Wednesday, 31 August 2011

Man in Black

El Greco - Portrait of a nobleman with his hand on his chest
Museo del Prado, Madrid
I have just been re-reading Anne Hollander's Seeing Through Clothes. It's a art-history of European fashion. In it, she mentions this portrait, as an illustration of the history of wearing black, especially with white details. Along with the influence of fashionable clothes on how people paint nudes, and the interaction of how people dress with how they imagine themselves.

In my paperback, this picture is reproduced poorly and in black and white, and I can't tell whether it supports her argument or not.

But now, with a little bit of searching, I can find the picture at its home, the Museo del Prado, Madrid. I can not only see this full-colour reproduction on the left, but zoom to an ultra-high-resolution photograph of the work, and study the wonderful fluid brush-work of the lace, the discreet whorls and touches of colour that suggest the brocaded pattern and the shinyness of the tunic, the transparent blues and yellows of the skin, the confident, airy delicacy of the sword-hilt.

On the same page I can read a description of the work, with a theory about who this man is, and listen to the audioguide with two voices discussing the fame of this picture and how it is seen as embodying an idea of Spanishness.

And not only that - for the very reasonable sum of €10 plus shipping I could order a very high quality A4-sized print (A3 is €20) of the picture for my own personal album of interesting pictures, supposing I had one, perhaps I should, and peruse it on the sofa. I love that museums do this. The National Gallery does it too.

I am just old enough, I suppose, to still think that's amazing. Also, I don't know exactly why he chose these clothes, but I think he looks very serious and very sexy.

Monday, 29 August 2011

Transformational and Transactional Politics

If you want to make any significant long-lasting change in any human thing, any community or practice, that is a political act. Whether you want to institute universal healthcare in the USA, minimise match-fixing and spot-fixing in cricket, or replace clowning with dancing in your local milonga, as soon as you really attempt to do something about it, you are fundamentally attempting to do the same sort of thing - on the continent-sized, medium, and microscopic scales respectively. There are many ways of going about it, even on the tiniest scale.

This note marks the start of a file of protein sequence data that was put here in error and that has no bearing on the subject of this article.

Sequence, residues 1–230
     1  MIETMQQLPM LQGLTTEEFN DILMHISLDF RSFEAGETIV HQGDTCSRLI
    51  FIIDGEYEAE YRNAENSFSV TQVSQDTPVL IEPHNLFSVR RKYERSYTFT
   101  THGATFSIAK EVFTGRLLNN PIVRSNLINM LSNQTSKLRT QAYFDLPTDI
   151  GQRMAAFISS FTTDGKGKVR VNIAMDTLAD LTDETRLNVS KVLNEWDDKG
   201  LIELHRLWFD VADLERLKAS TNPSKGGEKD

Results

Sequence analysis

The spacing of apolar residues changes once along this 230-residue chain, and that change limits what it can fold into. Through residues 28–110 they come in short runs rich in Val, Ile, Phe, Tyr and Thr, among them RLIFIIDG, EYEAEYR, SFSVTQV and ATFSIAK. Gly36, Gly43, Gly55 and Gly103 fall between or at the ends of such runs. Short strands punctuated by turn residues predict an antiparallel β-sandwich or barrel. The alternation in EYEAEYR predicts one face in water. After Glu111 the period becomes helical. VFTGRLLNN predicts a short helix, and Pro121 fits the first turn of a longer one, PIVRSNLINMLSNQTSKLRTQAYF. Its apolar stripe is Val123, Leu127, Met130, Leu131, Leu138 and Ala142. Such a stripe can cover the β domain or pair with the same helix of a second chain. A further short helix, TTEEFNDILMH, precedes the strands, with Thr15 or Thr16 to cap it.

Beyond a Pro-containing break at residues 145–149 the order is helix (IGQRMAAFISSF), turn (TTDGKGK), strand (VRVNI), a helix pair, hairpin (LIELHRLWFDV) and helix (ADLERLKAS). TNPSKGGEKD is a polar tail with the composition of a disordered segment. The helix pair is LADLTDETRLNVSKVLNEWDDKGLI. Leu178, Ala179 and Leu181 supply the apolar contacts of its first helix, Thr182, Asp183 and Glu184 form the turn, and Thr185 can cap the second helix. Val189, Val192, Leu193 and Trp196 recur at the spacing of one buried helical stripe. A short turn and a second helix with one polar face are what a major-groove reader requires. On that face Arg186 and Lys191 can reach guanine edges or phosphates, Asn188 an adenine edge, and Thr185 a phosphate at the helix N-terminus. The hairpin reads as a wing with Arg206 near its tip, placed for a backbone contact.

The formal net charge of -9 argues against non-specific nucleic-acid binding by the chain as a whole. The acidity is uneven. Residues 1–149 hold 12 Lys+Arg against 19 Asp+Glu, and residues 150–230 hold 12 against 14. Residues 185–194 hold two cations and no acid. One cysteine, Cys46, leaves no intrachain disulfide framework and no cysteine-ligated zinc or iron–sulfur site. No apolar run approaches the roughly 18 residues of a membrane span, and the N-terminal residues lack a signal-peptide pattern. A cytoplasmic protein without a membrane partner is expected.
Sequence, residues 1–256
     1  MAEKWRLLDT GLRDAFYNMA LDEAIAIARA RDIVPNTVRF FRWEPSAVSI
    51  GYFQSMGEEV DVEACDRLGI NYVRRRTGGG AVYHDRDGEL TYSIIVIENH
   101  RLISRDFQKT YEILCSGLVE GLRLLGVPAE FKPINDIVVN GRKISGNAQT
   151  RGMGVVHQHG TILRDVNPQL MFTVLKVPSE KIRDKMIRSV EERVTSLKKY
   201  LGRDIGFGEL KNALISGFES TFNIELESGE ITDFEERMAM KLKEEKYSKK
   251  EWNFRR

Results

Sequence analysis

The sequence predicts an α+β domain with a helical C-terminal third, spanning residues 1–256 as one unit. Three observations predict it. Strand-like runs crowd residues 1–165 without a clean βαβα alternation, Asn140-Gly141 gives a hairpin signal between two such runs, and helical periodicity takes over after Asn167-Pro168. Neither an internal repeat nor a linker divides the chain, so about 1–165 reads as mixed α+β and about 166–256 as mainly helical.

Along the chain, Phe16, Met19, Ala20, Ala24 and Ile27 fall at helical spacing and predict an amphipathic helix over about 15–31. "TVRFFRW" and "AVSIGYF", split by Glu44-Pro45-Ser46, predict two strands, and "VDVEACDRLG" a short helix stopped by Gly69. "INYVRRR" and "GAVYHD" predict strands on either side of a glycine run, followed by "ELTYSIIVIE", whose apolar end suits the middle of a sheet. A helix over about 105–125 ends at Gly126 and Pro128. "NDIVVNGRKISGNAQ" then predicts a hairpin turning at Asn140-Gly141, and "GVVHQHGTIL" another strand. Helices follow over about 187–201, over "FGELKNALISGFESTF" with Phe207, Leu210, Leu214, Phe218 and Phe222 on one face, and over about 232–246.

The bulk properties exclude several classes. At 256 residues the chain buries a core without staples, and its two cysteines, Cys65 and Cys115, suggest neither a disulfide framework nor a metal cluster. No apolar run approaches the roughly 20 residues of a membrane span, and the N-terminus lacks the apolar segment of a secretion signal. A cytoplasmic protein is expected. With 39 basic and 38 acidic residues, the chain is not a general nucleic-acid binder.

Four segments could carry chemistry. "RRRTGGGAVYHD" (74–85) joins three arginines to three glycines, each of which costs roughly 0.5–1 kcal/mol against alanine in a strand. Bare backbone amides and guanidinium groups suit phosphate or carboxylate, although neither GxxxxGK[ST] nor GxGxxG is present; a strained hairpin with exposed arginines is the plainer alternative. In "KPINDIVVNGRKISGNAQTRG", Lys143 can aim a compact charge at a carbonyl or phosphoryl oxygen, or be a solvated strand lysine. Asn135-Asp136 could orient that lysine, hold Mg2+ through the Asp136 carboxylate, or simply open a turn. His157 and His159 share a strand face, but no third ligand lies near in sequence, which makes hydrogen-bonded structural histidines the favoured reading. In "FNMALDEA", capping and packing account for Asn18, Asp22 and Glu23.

Here, via Naked Capitalism, is an article by Eric T. Schneiderman from 2008. In 2010, Schneiderman was elected attorney-general of New York. Recently, he's been using his powers to investigate bank fraud (which is what he's supposed to do, but for reasons you need some background for, this is widely considered surprising).

Eric Schneiderman: Transforming the Liberal Checklist: Transactional politics is pretty straightforward. What's the best deal I can get on a gun-control or immigration-reform bill during this year's legislative session? What do I have to do to elect a good progressive ally in November? Transactional politics requires us to be pragmatic about current realities and the state of public opinion. It's all about getting the best result possible given the circumstances here and now.
Transformational politics is the work we do today to ensure that the deal we can get on gun control or immigration reform in a year--or five years, or twenty years--will be better than the deal we can get today. Transformational politics requires us to challenge the way people think about issues, opening their minds to better possibilities. It requires us to root out the assumptions about politics or economics or human nature that prevent us from embracing policies that will make our lives better. Transformational politics has been a critical element of American political life since Lincoln was advocating his "oft expressed belief that a leader should endeavor to transform, yet heed, public opinion."
I invite you to read both this and the article by Matt Stoller praising Schneiderman that directed me to it. To follow Stoller's completely you'd need a little bit of background about mortgage fraud, but you can get the general idea without it.